Throughout the Torah we find completion and wholeness taking precedence over quantity. Thus a whole roll takes precedence over a much larger portion of a loaf of bread in the recitation of Hamotzi.
From this we learn that our avodah is measured not by quantity, but by how close it comes to perfection. Since Hashem is the ultimate perfection, our goal must be to also achieve the greatest measure of perfection possible for a human being, for we are exhorted to emulate Him and “to be complete with Hashem.”
Chazal tell us (Brachot 5b) that whether one does more or less is insignificant. What one actually accomplishes in this world is in the hands of Hashem. The main consideration is that one direct and concentrate his heart toward heaven. What we can control is the intensity of our desire and purity of our effort in the quest for perfection.
R’ Yitzchak said: “The Torah teaches us that when a person does a mitzvah, he should do so with a complete and happy heart. Had Reuven known that the Torah would record that he attempted to save Yosef from his brothers, he would have put him on his shoulders and run with him home. If Aharon had known that the Torah would record that he would be happy when he met Moshe Rabbeinu after (Moshe) was chosen to be the redeemer, he would have come with drums and cymbals. If Boaz had known that the megillah would record that he gave Ruth some parched grain to eat, he would have given her a royal banquet.” (Yalkut Shimoni Ruth 604)
In each instance cited by the Midrash, there was doubt as to what the proper conduct really was. Reuven was unsure if saving Yosef was proper after the brothers judged him a threat to their existence. If Moshe questioned his own suitability to be the redeemer, Aharon likewise had the right to have reservations concerning his brother’s appointment. And similarly, Boaz had grounds for doubts about the convert Ruth, not knowing her sincerity and character.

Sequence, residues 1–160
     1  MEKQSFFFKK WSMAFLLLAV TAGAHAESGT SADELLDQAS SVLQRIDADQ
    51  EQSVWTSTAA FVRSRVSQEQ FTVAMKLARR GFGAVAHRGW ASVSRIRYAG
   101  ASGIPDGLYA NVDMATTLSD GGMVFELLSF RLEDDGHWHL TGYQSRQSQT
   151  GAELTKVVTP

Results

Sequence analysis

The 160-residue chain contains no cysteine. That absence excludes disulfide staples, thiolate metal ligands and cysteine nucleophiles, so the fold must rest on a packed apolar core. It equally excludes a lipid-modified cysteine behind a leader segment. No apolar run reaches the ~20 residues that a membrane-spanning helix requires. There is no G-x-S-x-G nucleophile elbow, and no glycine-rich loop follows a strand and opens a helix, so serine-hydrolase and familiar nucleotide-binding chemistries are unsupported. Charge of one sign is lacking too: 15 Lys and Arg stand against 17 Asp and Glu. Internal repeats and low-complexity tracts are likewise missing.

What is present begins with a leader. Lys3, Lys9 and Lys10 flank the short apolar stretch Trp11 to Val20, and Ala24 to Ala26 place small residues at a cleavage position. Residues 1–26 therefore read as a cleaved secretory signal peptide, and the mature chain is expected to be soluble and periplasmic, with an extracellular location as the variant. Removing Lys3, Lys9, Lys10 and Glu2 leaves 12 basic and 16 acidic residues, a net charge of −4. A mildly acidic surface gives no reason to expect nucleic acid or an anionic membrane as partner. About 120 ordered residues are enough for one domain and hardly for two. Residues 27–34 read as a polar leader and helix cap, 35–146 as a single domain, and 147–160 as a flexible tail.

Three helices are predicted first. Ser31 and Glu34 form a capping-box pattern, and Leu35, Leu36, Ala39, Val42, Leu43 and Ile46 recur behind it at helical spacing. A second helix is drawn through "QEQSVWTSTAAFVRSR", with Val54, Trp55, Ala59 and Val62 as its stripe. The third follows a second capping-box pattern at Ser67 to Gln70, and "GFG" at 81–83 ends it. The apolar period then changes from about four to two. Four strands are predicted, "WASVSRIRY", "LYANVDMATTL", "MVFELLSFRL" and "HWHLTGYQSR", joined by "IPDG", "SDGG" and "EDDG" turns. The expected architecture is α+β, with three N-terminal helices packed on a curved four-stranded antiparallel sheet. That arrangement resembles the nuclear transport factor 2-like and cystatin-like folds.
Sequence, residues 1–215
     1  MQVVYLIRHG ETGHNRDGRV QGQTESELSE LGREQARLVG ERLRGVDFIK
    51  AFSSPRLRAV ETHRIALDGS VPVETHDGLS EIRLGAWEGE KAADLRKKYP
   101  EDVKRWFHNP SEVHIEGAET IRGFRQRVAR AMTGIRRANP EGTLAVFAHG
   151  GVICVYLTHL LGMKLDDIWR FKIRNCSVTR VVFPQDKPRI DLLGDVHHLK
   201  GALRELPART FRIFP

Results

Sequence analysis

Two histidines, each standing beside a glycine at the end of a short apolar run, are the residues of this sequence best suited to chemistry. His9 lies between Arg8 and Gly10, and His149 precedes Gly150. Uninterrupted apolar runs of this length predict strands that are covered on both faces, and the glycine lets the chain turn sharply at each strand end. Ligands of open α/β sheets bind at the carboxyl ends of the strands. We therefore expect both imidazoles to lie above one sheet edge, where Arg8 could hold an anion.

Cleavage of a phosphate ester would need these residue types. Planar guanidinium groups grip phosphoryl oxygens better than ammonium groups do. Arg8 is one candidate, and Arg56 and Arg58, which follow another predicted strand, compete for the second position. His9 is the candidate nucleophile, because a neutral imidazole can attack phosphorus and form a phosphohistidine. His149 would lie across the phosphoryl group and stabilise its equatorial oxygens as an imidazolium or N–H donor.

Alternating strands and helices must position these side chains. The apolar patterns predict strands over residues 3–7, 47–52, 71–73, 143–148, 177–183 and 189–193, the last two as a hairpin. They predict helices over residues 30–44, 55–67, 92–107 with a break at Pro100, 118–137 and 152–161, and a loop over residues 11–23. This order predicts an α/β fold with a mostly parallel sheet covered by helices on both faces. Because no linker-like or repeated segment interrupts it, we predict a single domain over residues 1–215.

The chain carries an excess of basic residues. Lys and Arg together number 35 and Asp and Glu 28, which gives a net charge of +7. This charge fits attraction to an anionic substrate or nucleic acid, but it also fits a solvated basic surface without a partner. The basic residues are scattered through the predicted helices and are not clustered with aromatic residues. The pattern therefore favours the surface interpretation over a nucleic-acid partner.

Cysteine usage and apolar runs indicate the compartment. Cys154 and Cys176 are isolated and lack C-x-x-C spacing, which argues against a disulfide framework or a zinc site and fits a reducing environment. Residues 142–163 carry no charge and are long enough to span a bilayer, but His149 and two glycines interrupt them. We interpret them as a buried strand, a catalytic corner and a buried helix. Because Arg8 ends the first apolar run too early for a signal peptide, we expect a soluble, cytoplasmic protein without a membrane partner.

Hence, they acted without the complete and happy heart that could have made their mitzvot perfect, and this blemish was reflected in the outcome of their actions. Yosef was sold into slavery; the mission to Pharoah met with initial failure; and David’s lineage was impugned.
After Bnei Yisrael were freed from subjugation in Egypt to serve Hashem, the first step in that service was to strive for perfection. That striving took the form of counting seven complete weeks, 49 complete days, until the giving of the Torah on the 50th day.
Fifty represents perfection. Our task is to count 49. We are not capable of creating perfection; only Hashem can make something perfect. All we can do is strive toward it. But by counting for 49 days, it is as if we counted the 50th also, for the 50th level is the automatic result of our efforts in securing the first 49.
This is the significance of Lag B’Omer as explained by the Maharsha (Moed Katan 28a). The majority of the Omer count is reached when two-thirds of the time passes. That occurs on the 33rd day. Once most of the period has passed successfully, one can be confident he will be successful in likewise fulfilling the remainder. Lag B’Omer is a day to rejoice in one’s successful quest for perfection. The traditional bonfires symbolize the pure, intense fire of the heart that is the basis of our quest for perfection.
“When are the days of the Omer perfect and complete? When we fulfill God’s will” (Vayikra Rabbah 28:3). It is the intensity of our quest for perfection in performing God’s will that infuses our counting of the Omer with added meaning and effectiveness.
May we strive for perfection in all that we do, so that our efforts will be crowned by success by Hashem, Who will bring us to the ultimate perfection, “granting His nation strength and blessing it with peace.”
Rabbi Zev Leff is the rabbi of Moshav Matityahu, and a renowned author, lecturer and educator. He is a member of the Mizrachi Speakers Bureau ( www.mizrachi.org/speakers ).